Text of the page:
Does Bleach Kill Mold Spores?
You may know that damaged pipes, weather catastrophes, heating or ventilation issues, and malfunctioning household appliances can cause water damage to your home. But did you know that if this water damage isn’t taken care of immediately, it can ultimately destroy your home both structurally and aesthetically? Due to its high endurance, mold and mold spores infestations are common and are one of the most concerning problems to many homeowners when water damages occur. Mold spores infestations can be a threat to both your home infrastructure and your overall health. At Matrix Remediation, an IICRC certified cleaner for mold inspection and removal, we can ensure that your water damage is taken care of, and that your home is left structurally and aesthetically the way it should be. One of the most common questions we get is, can bleach clean mold spores? Here’s your answer.
Molds are fungi that cultivate in building materials both indoors and outdoors . They grow best in warm, damp, and humid conditions, and reproduce by releasing mold spores into the air. Unlike molds, mold spores can grow dry conditions, and under extreme environmental duress. They can then spread fast in moist environments. Molds come in all shapes, sizes, and colours ─ ranging from black to orange, and yellow to green. A problematic and common mold that occurs inside of houses is black mold, or Stachybotrys chartarum . Black mold has a distinctive mildew and musty odour. When exposed to mold and mold spores, allergic reactions such as wheezing, rash, watery eyes, runny nose, and coughing are common for many people. Over time, inhalation and accumulation of mold spores into the lungs can lead to severe respiratory problems .
Due to its potential threats to your health and home, many people decide to undertake swift actions to eliminate mold problems in their home themselves. The most widespread chemicals that the public uses are ordinary household cleaning products such as bleach. Bleach is generally made of chlorine or oxygen, and is usually taken as the "go-to" products by many to fight mold infestations due to its availability and low costs. When in contact, bleach can, in some cases, kill mold and mold spores . To start cleaning the mold and mold spores with bleach, you first need to ventilate the area by opening doors and windows. Then, ensure that you are well protected from the chemicals by wearing gloves and eye protection. Create the bleach solution by mixing the right amount of bleach and water, and apply it to the moldy surface and then scrub using cloth or sponge.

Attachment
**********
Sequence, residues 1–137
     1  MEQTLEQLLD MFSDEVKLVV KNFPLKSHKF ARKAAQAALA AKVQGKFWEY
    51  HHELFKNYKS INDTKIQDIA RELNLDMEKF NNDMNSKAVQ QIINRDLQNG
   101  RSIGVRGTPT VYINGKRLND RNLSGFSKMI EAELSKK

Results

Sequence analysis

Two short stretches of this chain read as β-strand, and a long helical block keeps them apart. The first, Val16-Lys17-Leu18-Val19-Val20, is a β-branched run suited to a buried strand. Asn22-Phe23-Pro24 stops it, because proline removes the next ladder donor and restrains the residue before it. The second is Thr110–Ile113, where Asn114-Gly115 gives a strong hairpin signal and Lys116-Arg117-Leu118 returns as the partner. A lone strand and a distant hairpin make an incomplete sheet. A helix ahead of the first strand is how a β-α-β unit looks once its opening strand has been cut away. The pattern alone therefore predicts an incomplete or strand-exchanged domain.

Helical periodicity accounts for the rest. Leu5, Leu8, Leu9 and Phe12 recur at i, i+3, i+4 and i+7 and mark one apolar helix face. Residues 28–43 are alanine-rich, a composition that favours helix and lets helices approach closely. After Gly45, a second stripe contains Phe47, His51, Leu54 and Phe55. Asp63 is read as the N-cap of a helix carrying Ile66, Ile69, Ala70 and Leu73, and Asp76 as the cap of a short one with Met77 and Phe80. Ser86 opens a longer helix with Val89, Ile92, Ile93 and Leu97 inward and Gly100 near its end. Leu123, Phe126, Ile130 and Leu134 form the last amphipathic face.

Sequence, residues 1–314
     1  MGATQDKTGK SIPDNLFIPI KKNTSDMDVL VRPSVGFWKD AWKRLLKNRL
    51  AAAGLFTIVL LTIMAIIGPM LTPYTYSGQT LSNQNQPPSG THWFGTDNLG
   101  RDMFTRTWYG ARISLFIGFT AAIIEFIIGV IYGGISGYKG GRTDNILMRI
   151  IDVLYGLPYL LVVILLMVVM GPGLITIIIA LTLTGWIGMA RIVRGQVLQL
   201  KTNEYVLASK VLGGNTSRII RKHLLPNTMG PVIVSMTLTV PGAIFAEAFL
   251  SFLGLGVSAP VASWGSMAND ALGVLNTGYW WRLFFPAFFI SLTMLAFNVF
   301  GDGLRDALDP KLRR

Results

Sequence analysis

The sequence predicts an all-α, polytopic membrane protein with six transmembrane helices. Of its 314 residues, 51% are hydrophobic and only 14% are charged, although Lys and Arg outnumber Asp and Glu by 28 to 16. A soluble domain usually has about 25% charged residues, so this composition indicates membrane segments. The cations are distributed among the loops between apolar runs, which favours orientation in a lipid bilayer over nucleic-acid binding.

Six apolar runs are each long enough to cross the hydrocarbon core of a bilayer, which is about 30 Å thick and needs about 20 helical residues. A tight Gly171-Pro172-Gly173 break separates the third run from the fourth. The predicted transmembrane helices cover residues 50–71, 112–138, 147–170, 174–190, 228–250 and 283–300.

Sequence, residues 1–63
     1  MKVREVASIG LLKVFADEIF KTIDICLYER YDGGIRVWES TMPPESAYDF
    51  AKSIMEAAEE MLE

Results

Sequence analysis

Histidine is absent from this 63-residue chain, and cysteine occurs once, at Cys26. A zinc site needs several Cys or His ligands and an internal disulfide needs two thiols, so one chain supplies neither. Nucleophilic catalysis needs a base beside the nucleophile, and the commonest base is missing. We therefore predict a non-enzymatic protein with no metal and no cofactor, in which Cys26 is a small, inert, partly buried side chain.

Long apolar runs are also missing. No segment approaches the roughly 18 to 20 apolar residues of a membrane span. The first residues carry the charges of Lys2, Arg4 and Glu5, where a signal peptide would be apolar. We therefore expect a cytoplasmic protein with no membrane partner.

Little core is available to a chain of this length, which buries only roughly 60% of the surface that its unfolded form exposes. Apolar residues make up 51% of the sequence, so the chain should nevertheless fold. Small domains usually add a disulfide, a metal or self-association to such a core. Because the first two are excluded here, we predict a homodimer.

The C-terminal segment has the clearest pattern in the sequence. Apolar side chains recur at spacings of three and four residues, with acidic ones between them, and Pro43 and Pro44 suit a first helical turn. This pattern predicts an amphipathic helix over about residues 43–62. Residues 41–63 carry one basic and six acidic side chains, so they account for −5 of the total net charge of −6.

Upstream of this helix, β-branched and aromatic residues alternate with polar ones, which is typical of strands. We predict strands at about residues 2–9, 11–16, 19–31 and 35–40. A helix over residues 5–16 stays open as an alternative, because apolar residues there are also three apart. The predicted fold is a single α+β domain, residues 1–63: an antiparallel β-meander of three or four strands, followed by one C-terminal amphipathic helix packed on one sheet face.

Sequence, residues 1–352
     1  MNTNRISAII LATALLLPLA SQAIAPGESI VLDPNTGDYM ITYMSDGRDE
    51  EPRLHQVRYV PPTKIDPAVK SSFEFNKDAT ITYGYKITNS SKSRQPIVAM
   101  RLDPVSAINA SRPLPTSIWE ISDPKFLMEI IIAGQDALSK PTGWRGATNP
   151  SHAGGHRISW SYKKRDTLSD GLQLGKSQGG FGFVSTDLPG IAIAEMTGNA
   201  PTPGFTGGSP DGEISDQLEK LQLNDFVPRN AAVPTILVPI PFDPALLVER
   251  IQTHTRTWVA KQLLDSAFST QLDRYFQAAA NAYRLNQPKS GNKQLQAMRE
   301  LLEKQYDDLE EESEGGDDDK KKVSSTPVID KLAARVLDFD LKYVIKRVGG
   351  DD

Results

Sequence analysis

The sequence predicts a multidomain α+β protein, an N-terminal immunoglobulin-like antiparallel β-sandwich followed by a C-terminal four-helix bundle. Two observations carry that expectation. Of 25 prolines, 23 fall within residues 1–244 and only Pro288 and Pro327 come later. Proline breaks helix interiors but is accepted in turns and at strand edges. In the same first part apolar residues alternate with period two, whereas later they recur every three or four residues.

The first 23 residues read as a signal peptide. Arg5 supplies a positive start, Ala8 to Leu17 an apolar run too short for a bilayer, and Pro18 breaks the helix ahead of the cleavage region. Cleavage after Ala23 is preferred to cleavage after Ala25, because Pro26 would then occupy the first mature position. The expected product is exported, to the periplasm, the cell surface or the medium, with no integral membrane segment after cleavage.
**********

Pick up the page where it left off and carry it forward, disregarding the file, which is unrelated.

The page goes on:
Although bleach is effective for killing mold and mold spores on non-porous materials such as shower stalls, it cannot penetrate porous materials such as walls and woods. This means that although the surface of moldy walls and woods might look clean, the mold spores inside of the pores remain. In fact, using bleach to overcome mold infestation in porous materials would exacerbate mold growth, as it is made of 99% water and thus, increases the moisture of the surface. Bleaching some materials to kill molds are also not recommended since while it could kill the mold spores, it could also damage the appearances of the surface. Furthermore, using bleach to clean mold spores could be hazardous as toxic gases such as nitrogen and phosphorus are produced. Lastly, using bleach is not environmentally friendly as it is corrosive, poisonous, and generally non-biodegradable.
To conclude, while it is tempting to resolve mold infestation in your home on your own, it is always best to call a professional company. Bleach could eliminate mold infestation on some non-porous surfaces, but it could also exacerbate the conditions for non-porous surfaces, destroy the aesthetic look of the surface, or be improperly applied, resulting in the mold and mold spores continuing to live inside your home. To ensure that your house is in good care, contact Matrix Remediation. We are always happy to help you regain your clean, mold-free home. You can call us at 1-888-885-8683 or email us at firstname.lastname@example.org.